Education

The number of science, technology, engineering, and mathematics (STEM) jobs is growing faster than ever in the United States, creating an urgent need for education and training in high-demand areas. Even with looming staffing shortages, the United States STEM workforce continues to underrepresent Hispanic, Black, and women workers, accounting for just 8, 9, and 27 percent of personnel, respectively.

The U.S. Bureau of Labor Statistics projects that STEM jobs will grow 11 percent by 2029, creating more than 500,000 new jobs in the American labor market and intensifying a predicted gap of 3.5 million open positions in 2025.

As one of just eight participating colleges and universities, Penn State’s EnvironMentors program connects underrepresented high school students with undergraduate students and faculty to collaborate on impactful research and inspire interest in pursuing careers in STEM fields.

Portrait of Gregory Jenkins, Professor of Meteorology and Atmospheric Science, Geography, and African Studies; Director, Penn State EnvironMentors

Gregory Jenkins, Professor of Meteorology and Atmospheric Science, Geography, and African Studies; Director, Penn State EnvironMentors

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Inclusive community building today creates the diverse STEM fields of tomorrow

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STEM by the Numbers

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“We don’t know which geniuses we’re leaving behind. We’ve got to find them, even if they never go to Penn State, and give them a positive experience.”

Inspiring Science

When leading the charge to bring EnvironMentors to Penn State, Gregory Jenkins discussed the challenges that underrepresented groups may face, like poverty, unemployment, and under-resourced public schools, that can impact the likelihood of completing a STEM degree. Compounding these obstacles, STEM career requirements can feel daunting, like studying a rigorous topic, learning specialized skills, and participating in hands-on field experiences.

Structured to inspire new skill development and create a community of STEM-minded members, the EnvironMentors program facilitates projects where high school students partner with university students and faculty to research important topics.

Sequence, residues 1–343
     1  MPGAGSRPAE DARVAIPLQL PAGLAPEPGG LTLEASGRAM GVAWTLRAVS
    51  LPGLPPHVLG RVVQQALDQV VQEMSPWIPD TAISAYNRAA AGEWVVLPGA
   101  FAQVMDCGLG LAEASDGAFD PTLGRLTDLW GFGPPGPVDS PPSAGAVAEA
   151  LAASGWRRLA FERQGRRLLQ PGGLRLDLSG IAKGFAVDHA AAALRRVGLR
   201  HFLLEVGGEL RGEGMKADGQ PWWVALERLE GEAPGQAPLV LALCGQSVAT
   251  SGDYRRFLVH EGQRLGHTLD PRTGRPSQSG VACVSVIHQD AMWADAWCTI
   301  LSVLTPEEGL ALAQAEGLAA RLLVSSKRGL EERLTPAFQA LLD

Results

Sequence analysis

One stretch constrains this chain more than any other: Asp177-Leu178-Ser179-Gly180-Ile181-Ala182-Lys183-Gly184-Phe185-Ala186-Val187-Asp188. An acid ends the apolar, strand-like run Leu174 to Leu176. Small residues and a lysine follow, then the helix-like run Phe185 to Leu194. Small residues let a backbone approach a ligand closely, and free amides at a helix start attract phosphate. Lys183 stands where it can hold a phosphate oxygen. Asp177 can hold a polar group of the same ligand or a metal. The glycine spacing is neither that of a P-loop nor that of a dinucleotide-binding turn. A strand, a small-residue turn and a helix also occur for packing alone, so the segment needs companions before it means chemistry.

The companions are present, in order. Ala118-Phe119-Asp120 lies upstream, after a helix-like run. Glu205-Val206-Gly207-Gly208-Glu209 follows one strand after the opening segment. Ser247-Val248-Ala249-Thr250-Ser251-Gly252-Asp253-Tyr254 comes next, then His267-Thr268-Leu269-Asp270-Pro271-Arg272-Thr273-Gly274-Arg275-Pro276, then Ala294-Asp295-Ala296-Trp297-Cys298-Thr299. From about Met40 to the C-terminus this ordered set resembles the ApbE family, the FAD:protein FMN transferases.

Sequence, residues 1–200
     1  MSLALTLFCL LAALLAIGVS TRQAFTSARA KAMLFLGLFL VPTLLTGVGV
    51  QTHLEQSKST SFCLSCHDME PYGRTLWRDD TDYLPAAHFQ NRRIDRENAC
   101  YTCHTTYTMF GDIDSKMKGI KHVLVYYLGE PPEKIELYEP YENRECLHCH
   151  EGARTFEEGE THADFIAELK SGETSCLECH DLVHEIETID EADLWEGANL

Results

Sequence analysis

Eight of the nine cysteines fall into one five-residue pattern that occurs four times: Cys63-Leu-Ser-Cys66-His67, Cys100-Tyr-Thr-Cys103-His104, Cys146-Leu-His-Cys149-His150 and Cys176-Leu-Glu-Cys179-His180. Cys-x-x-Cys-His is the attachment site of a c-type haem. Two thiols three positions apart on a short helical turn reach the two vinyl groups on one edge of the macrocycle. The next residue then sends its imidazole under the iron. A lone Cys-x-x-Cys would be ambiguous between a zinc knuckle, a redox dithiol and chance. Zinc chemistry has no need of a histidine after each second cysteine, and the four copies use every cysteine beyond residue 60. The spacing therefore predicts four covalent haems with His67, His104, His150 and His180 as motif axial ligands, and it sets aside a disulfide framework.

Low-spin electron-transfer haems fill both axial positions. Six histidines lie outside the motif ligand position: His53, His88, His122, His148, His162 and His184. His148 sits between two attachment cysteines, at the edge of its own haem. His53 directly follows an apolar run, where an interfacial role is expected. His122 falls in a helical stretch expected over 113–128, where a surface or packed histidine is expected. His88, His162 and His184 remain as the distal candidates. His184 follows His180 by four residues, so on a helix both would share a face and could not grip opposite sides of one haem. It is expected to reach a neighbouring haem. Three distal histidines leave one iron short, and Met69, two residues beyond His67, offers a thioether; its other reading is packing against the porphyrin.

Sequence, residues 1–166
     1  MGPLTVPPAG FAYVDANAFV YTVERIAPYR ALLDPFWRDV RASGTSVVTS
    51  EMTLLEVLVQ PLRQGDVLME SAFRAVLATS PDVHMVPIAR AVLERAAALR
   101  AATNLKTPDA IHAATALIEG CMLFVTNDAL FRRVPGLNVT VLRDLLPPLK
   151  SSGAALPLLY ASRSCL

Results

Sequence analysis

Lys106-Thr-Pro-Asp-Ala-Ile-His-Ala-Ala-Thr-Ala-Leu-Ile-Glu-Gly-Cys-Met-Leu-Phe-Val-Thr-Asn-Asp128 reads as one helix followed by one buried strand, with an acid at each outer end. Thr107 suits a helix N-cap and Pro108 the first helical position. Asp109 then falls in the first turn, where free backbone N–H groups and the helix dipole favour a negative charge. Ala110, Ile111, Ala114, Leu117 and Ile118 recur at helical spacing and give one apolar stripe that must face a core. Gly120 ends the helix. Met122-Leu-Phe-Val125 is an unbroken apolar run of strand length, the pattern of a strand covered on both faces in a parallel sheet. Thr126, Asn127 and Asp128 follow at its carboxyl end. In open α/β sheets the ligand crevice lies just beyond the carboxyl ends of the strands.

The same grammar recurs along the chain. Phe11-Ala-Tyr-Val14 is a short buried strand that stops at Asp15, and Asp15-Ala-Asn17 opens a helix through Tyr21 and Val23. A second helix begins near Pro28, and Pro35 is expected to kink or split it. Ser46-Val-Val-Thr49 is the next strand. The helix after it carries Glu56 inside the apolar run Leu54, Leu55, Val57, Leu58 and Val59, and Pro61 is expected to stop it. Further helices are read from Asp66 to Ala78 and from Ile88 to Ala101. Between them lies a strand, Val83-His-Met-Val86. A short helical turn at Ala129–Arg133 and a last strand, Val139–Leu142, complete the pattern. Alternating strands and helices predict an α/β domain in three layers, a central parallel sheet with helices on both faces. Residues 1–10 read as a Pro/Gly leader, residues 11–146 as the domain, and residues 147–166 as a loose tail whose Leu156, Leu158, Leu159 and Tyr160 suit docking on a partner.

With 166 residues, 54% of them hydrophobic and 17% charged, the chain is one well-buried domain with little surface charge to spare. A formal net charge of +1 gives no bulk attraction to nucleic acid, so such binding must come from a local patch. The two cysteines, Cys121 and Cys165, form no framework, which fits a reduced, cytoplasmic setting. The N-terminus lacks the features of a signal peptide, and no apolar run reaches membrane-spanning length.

Participating in a STEM program that cultivates abilities in problem solving, critical thinking, and team work not only prepares students for higher education, it actually increases the likelihood of pursuing and earning a degree in STEM by 33 percent for underrepresented youth.

“We want the ‘smart’ kids, but that’s not all we want. We want the kids who show the spark, who I can tell are creative, who like challenges, but just need that space to grow. That’s what we’re trying to do,” said Jenkins.

Evidence suggests that by participating in STEM summer programs, underrepresented communities of students are more likely to graduate from high school, attend four-year colleges, and earn STEM degrees. 

test collage of STEM-related imagery, including students in a lab

A Community in STEM

Since launching EnvironMentors, the program has expanded to several Pennsylvania communities. In addition to the State College area, high school students near Penn State Harrisburg in Middletown and Penn State Shenango in Sharon have collaborated in research alongside faculty and undergraduate student mentors.

“What I love about having this program at Penn State is that no matter where you go in Pennsylvania, Penn State has a fingerprint,” said Jenkins. “We’re going to use that to our advantage because there are lots of places in Pennsylvania that are underserved and underrepresented.”

“If you’re in high school, it is important to see what a college experience looks like by talking to the people who are there.”

Researching Real Issues

EnvironMentor high school students get a preview of what research at a doctoral university is like, collaborating with faculty weekly on cutting-edge research related to climate change, air quality, greenhouse gases, pesticides, material analysis, entomology, and ecology.

“A student working with a faculty member each week has a certain gravitas to it. Not only are they building research skills in a lab, but they’re building a relationship with a faculty member,” added Jenkins.

Outside of research activities, the program also provides high school students with opportunities to participate in field trips and events with guest speakers to bring STEM careers to life.

Driven to prepare the next generation of STEM professionals, Penn State faculty are collaborating to cultivate necessary skills and provide inspiring experiences to provide greater access to all.

Large Bullet Point

Penn State’s EnvironMentors chapter is part of the Global Council for Science and the Environment’s network of programs a science education and national college access program. With a mission to mentor and motivate high school students from communities underrepresented in the sciences, the program promotes student preparation as they conduct environmental research and acquire skills that will allow them to build careers and become more active stewards of their communities and the environment.